How well do leaders really know themselves? Many like to think they are excellent communicators or attentive listeners. Yet, the true numbers are usually much lower when leaders are pressed for additional insights and examples. So why the disconnect between those who think they are and those who actually are?
The answer lies in a leader’s ability to be accurately self-aware. Don’t gloss too quickly over the key word from that last sentence; accurately. Oftentimes, leaders mistakenly equate things like success and experience with proficiency in other areas such as listening. However, the people they lead can sometimes tell a much different story.
Successful leaders can struggle to identify with anything that may affect their performance, stifle their confidence, or pose a threat to future accolades. For these reasons, such leaders tend to in-accurately self-identify. Instead of displaying the humility to question their current level of effectiveness or to allow themselves to receive constructive criticism, they go through each day with a misguided air of sureness.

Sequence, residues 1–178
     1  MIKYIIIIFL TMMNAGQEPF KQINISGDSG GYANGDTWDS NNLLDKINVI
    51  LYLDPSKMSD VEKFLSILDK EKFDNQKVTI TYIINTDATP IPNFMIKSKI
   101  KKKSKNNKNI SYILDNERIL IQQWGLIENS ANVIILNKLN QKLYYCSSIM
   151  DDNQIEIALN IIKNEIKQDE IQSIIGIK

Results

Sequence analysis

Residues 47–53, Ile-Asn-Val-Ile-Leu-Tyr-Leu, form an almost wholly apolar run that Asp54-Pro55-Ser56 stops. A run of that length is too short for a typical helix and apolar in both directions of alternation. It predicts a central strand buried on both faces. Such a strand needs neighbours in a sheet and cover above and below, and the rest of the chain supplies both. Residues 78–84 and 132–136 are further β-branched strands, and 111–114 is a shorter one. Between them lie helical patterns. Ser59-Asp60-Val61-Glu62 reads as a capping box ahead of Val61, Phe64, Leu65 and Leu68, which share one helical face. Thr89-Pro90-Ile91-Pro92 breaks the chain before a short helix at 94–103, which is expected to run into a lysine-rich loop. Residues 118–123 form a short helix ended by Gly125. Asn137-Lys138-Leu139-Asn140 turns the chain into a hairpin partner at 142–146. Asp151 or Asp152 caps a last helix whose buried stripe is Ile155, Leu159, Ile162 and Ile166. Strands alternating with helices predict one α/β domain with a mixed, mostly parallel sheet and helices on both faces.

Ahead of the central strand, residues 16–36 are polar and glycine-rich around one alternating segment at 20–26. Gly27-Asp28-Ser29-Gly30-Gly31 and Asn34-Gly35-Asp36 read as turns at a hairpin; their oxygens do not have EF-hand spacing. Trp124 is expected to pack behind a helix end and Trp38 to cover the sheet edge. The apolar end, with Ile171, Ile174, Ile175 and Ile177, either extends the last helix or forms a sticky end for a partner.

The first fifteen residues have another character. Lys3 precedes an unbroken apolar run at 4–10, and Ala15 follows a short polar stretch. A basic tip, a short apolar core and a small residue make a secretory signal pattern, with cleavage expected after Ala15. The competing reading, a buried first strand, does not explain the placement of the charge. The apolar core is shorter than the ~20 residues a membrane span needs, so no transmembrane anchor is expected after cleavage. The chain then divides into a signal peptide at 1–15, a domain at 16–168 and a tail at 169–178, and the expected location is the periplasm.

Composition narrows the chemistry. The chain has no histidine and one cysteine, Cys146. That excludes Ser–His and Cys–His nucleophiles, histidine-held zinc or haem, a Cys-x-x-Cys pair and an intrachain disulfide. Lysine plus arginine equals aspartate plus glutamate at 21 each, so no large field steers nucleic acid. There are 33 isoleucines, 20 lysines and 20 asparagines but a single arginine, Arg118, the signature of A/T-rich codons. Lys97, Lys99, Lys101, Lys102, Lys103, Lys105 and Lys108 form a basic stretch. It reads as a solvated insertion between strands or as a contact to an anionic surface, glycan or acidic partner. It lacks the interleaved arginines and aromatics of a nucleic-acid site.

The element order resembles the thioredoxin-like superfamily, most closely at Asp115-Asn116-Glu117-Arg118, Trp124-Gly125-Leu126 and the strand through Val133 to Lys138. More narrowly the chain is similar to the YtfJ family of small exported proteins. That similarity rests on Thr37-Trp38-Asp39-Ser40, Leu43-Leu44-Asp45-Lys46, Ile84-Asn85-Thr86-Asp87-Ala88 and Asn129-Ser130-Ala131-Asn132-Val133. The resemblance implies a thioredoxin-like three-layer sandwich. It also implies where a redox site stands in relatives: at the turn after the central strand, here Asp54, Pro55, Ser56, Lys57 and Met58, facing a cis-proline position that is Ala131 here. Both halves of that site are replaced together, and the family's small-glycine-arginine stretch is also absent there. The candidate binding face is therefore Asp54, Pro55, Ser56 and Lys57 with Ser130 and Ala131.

Effective leaders, though, are comfortable being vulnerable. Despite a possible wealth of knowledge and experience, they maintain a desire for continuous improvement. They seek out the opinions and feedback of others. More importantly, they accept that feedback graciously and use it as a foundation for growth and development. Additionally, effective leaders work to create new habits, set goals, and hold themselves accountable.
So, when effective leaders are asked about their ability to communicate well or to listen attentively, they are keenly aware that there is always room for improvement.